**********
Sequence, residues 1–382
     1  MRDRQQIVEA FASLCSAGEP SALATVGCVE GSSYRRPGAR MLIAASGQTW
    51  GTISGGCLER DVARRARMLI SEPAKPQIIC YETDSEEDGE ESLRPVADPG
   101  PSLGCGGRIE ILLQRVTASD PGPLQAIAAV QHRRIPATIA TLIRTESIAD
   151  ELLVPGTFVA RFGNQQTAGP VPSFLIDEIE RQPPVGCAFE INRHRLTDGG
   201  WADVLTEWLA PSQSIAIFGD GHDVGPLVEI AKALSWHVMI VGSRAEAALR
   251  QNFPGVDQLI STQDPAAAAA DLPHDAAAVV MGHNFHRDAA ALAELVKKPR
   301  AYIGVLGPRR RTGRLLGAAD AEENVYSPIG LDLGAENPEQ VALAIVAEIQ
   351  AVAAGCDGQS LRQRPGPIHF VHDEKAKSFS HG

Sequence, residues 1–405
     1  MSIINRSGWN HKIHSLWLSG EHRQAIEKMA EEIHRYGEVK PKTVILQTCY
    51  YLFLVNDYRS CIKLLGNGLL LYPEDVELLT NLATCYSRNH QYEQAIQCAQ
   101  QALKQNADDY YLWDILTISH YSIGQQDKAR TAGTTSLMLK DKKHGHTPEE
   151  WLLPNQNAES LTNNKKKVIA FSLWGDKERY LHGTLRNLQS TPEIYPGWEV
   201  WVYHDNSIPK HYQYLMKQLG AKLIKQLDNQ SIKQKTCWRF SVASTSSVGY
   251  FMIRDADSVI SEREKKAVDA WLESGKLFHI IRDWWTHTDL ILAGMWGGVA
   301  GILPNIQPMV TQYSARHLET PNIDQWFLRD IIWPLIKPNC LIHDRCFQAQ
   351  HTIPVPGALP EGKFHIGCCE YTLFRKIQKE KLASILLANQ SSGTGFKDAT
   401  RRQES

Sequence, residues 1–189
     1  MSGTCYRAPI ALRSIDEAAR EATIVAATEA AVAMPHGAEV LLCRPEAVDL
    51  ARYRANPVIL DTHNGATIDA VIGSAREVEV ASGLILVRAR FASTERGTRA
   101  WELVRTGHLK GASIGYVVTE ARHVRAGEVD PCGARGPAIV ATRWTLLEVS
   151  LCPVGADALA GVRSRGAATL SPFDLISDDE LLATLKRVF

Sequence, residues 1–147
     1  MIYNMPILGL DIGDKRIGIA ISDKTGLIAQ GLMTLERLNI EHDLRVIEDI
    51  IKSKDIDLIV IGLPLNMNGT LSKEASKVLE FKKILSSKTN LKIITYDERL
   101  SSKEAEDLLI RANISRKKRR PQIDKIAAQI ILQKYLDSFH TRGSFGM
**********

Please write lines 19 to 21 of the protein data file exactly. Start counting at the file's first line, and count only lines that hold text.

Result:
   401  RRQES

Sequence, residues 1–189
     1  MSGTCYRAPI ALRSIDEAAR EATIVAATEA AVAMPHGAEV LLCRPEAVDL